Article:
So, Dan Olson has an interesting thread on Patreon’s realization that they’re going to have to make a lot more money to make back their VC investment. Dan’s reading of Patreon CEO Jack Comte’s “Patreon needs to build new businesses, services and revenue line to be sustainable” is “we need to tack more junk on”; this may indeed be what happens, but I’m not sure it’s entirely what they mean. I actually wrote about this over a year ago (apologies for the link to the Medium version, but I don’t seem to have it anywhere else currently, which I’ll have to fix when I can):
To earn that $450M valuation Patreon has, they’re going to have to double revenue every year for the next four or five. Wouldn’t a great way for them to start making serious bank be to start landing creators who can get a few hundred thousand patrons instead of just a few thousand?
As of this writing (December 2017), just six creators have more than 10,000 patrons. The top of the “long tail” curve Patreon has just isn’t that far above the bottom. This is the part of Patreon’s business that I suspect investors are most keen on changing. It’s great that Patreon can get Amanda Palmer now, but they’re going to need to get Imagine Dragons. I don’t mean “the next” Imagine Dragons, either. I mean an existing artist who can bring a bazillion fans with them.
And to do that, going after Financially Successful Creators™ as they’ve defined it now isn’t good enough. They can’t just go after people they think Patreon can bring to the next level. They’re going to have to go after people who are already making six- or even seven-figure incomes from their art. They have to be able to say, hey, if you take a chance on us, we can give you the same income with fewer middlemen.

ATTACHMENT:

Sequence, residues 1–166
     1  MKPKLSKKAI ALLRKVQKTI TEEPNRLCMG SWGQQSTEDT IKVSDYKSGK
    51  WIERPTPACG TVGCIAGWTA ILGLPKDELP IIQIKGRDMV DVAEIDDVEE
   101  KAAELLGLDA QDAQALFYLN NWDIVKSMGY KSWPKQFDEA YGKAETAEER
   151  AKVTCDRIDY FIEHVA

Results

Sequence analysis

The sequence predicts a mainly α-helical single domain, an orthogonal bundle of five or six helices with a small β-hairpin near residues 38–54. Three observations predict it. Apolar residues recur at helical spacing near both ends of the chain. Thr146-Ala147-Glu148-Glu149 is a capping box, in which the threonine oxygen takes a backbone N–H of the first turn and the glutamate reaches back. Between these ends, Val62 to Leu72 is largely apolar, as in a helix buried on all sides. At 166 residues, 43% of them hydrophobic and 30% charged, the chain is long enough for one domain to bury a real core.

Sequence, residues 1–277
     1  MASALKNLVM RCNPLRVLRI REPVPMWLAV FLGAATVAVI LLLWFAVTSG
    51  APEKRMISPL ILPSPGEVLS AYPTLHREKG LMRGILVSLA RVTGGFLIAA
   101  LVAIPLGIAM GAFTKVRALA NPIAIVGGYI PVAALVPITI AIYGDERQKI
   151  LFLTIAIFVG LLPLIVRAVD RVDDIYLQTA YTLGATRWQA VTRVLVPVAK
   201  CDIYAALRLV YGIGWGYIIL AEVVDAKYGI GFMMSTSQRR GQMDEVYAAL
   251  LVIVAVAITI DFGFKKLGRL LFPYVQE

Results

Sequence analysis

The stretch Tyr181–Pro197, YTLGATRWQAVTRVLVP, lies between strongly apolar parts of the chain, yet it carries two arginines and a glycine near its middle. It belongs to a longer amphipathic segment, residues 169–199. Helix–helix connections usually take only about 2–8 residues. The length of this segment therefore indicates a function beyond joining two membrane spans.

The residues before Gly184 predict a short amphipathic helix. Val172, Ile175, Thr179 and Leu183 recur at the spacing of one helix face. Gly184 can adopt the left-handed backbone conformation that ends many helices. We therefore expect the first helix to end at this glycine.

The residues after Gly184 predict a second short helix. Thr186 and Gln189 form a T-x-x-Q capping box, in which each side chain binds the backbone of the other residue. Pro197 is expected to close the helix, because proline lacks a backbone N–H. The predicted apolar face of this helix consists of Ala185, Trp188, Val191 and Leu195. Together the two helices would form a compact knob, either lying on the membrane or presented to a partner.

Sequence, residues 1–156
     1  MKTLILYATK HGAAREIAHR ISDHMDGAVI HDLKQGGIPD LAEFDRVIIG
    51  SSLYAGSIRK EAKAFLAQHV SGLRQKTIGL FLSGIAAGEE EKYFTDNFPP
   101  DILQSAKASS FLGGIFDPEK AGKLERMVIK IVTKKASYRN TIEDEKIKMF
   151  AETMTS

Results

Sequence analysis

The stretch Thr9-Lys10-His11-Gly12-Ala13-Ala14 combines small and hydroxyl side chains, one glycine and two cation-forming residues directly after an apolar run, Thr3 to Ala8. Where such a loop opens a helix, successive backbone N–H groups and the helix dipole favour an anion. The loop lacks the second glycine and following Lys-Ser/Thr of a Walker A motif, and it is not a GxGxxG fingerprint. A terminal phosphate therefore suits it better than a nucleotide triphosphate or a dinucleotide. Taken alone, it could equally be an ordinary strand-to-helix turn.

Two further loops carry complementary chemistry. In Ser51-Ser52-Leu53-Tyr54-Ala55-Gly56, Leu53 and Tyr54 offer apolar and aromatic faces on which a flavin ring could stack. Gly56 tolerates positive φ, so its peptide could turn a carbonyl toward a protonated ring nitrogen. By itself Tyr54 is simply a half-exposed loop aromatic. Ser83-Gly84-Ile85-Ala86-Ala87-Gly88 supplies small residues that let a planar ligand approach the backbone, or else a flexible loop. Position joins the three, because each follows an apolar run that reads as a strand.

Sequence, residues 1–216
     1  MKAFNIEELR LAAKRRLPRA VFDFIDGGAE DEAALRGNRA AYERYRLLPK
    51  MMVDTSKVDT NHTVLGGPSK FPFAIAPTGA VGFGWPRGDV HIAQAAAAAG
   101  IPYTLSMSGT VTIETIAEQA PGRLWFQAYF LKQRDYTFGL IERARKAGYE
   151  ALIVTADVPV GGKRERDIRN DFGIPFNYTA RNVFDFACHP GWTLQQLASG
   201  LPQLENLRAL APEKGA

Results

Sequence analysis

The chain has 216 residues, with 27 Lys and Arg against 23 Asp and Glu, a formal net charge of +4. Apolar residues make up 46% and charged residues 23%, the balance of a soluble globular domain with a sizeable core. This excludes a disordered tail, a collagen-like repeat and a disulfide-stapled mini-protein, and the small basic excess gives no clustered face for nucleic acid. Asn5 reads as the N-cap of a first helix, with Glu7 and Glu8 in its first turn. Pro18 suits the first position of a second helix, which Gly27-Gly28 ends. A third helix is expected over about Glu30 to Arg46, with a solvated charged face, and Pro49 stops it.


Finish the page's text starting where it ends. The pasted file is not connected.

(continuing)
I wrote that in response to Patreon’s quickly-rolled-back fee structure change, and since they rolled it back virtually the hour that I published the article, I think my conclusion kind of got buried. But you know what? I still think I was right.
Dan Olson may be right that Patreon is going to feel obligated to junk things up for “little” creators (and patrons) in order to extract more money out of them, but the way companies like Slack and Dropbox have thrived is by focusing on the enterprise space and being kind of…let’s say “lackadaisical” about supporting mere consumers. It’s just that, as I wrote, the big value unicorn in Patreon’s space isn’t General Electric. It’s Beyoncé. I don’t think Patreon is necessarily going to eat itself, in Olson’s words–but creators with just a few dozen, or even “just” a few thousand, patrons may not be ones Patreon is structured to serve much longer.